Finding the proper motivation to start and finish a workout can be difficult, cant’ it? Choosing to take the plunge and start your own fitness business can be an even more daunting task with an even greater need for having the proper motivation.
Today, we’re talking to John Wolf, a veteran entrepreneur in the fitness industry, who has overcome some personal demons on his road to entrepreneurship. He discusses how he used martial arts and unconventional training methods to battle against chemical addiction. He is passionate about sharing the discipline and personal development he acquired in his journey with others as he continues running a successful fitness practice.
If you’re ready to grow and manage your business better, schedule a demo today.
Meet John Wolf, Chief Fitness Officer at Onnit
Schimri Yoyo: Welcome back. This is Schimri Yoyo with exercise.com, and we are continuing our interview series with fitness experts, and today we are blessed to have John Wolf, who is the Chief Fitness Officer of Onnit. He is a long-time, experienced veteran of the fitness industry.
So thank you, John, for joining us.
John Wolf: And thanks for having me, Schimri.
Schimri Yoyo: Alright. Well, really quickly, can you just give us a summary of your background with martial arts?
John Wolf: Actually, even though my martial arts background is a big part of the framework that has empowered me through my fitness career, my really delving deep into martial arts was really just part of my formative years.
So in that way, the lessons and the beliefs in martial practices were part of my upbringing in those formative years and the discipline of martial arts. And these were kind of an amalgamation of different traditional martial arts: boxing, judo, jujitsu, karate.
And my sensei, he was a hand-to-hand combat instructor for the US military, traveled around the world, and took a lot of these teachings from different places he was stationed in and brought them back to what was Fort Ord, Monterey peninsula of California, and taught there at the military base. But then also, he eventually opened up a dojo that served some of the rougher neighborhoods in the town.
And I think, generationally, he really brought up a lot of us as a second father figure. But it was not just about the martial art practices of the combat sports, but the discipline, the community, and those belief systems that empowered individuals to self-actualize to whatever degree possible.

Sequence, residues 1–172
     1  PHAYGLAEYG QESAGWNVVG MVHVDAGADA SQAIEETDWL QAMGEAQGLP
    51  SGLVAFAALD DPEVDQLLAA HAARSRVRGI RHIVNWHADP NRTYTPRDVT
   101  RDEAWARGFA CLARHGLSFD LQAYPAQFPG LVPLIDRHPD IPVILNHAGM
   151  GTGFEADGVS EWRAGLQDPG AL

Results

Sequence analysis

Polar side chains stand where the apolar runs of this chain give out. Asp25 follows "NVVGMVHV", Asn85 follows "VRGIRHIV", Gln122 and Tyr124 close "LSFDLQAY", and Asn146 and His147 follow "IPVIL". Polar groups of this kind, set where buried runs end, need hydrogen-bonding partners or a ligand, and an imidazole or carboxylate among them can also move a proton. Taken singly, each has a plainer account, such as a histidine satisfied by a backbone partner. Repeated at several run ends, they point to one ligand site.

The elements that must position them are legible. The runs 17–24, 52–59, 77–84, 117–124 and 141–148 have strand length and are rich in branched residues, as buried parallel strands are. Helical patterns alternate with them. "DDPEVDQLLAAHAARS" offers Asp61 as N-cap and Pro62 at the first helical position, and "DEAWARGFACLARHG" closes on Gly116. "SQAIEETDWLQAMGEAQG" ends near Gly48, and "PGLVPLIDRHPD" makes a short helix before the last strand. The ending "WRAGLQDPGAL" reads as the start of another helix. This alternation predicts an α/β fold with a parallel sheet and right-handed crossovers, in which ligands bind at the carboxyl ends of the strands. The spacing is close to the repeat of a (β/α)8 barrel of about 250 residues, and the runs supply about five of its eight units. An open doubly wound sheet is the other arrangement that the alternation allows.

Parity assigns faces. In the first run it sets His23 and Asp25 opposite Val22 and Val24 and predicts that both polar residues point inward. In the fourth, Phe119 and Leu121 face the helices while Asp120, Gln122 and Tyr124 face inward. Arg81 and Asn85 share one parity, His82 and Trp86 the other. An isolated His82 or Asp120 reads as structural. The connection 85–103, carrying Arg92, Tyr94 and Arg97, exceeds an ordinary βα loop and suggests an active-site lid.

Schimri Yoyo: That’s awesome. And so as you were taking part in the martial practices in your formative stages, when did you realize that you wanted to be involved in sports performance and health and fitness as a trainer, coach, or teacher?
John Wolf: Well, you know, being in martial arts when I was young and then kind of always going back to it at different phases of my development in my teens or my early 20s. Actually, I got into health and wellness and performance mainly as a function of my need to overcome a state that I found myself in that time of my 20s, where a lot of people, myself included, find themselves kind of lost through different aspects of life that are new, like loss, death, things like that. Right?
And so for me, I had actually been involved in the party scene and found myself with a chemical addiction to methamphetamine. And so when I realized martial arts and that phase of my development, I was realizing like, “Man, if I was to revisit those teachings, if I was to revisit the state that I was in, I’d have a platform to overcome this challenge in my life.”
And so what I found was, martial arts was the foundational framework, but then I applied a variety of different unconventional movement and fitness practices into that framework of belief to overcome this chemical addiction, which really was realizing like, “Man, if I’m using this as a way to better myself in this way, then maybe I could be of service to other people the same way.”
And you know, so many other people—whether it’s addiction or whether it’s a belief issue—whatever the storms are, we tell ourselves the foundation to overcome the self-defeating beliefs that we all have is really the foundation now that I was trying to build.
Schimri Yoyo: Okay. Now you mentioned some unconventional training methods that you were introduced to and have used. So when did you first start using equipment like the steel mace and kettlebells and battle ropes as part of your training?
John Wolf: So back in around 2000, I got exposed to a pretty prolific writer, Pavel Tsatsouline, who was writing in Muscle Media 2000, which was kind of a publication sponsored by EAS, if I’m not mistaken, back in their heyday. And some of their articles, particularly Pavel’s writing, I just really resonated with. It was cut-to-the-chase. It was witty. It was very practical.